Menopause 101

Understanding menopause, its stages, and its implications are crucial for every woman. It's a natural phase of life, but knowledge, support, and effective treatment can make this journey smoother and more manageable.

Perimenopause marks the transition leading up to a woman's last menstrual cycle, signifying the slowdown of the ovaries. This phase typically spans 4 to 6 years but can vary significantly, lasting just a year for some or extending to a decade for others. When a woman ceases to have monthly periods entirely, she's entered menopause. This major milestone is confirmed as post-menopause exactly 12 months after the last period.

While the ages between 45 and 55 are the most common for women to enter menopause, the average age is around 51 years. The cessation of periods during menopause indicates that no eggs remain in the ovaries, ending ovulation. This transformative period, while natural, can profoundly influence a woman's physical, emotional, mental, and social well-being due to fluctuating hormones like oestrogen and progesterone.

It's worth noting that menopause can also be a direct result of certain surgical or medical procedures. Alarmingly, there's a glaring gap in the discussion about menopause in families, communities, workplaces, and even in healthcare environments. This lack of conversation often leaves women unaware that some symptoms they're experiencing are tied to menopause.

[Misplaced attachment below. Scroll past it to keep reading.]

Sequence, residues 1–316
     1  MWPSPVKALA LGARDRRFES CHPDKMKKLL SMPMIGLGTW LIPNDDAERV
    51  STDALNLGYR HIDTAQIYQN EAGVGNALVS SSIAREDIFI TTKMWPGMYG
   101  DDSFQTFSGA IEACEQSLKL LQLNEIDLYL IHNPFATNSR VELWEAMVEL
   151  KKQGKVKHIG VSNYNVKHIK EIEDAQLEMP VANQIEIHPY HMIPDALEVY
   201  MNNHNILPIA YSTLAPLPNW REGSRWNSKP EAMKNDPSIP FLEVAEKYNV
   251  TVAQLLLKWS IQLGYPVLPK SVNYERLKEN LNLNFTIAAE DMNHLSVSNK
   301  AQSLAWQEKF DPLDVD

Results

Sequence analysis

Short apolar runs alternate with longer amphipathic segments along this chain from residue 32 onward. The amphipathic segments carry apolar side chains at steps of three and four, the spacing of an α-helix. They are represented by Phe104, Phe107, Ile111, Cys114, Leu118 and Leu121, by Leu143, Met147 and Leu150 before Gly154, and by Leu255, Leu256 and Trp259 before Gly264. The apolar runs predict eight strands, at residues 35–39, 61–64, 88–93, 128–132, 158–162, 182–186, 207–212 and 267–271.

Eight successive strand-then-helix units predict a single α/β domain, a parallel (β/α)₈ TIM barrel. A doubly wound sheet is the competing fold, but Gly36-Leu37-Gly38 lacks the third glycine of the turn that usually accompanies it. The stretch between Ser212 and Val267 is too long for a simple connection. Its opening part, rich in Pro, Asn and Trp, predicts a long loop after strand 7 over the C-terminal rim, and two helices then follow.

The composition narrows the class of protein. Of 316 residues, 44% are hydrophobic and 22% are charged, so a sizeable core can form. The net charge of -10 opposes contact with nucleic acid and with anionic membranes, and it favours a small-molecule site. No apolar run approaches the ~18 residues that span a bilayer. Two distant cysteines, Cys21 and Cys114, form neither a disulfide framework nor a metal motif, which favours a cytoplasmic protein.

According to the World Health Organisation, the global population of postmenopausal women is surging. In 2021, women aged 50 and above constituted 26% of all women globally, a rise from 22% a decade prior. Astoundingly, about 80% of women will face menopausal symptoms, with 20% encountering moderate to severe hot flushes or night sweats. In Australia alone, half of the women in their early 50s report significant symptoms, yet only a fraction (15-20%) are on effective treatments.

Menopause is an undeniable part of a woman's life journey. Whether it's manifesting as symptoms or other physical changes, its impact is universal. Hormonal shifts are the primary culprits behind these symptoms. Yet, it's important to remember that each woman's experience is unique—symptoms may differ in timing and intensity. Women undergoing their final period between ages 40-45 are classified as experiencing early menopause, while those under 40 face premature menopause.

As women navigate post-menopause, many symptoms, such as hot flushes, tend to lessen or vanish. However, postmenopause also brings a heightened risk for cardiovascular diseases and osteoporosis. Importantly, while weight gain can be associated with menopause, it's often more related to lifestyle choices and natural aging processes rather than solely menopausal hormonal changes.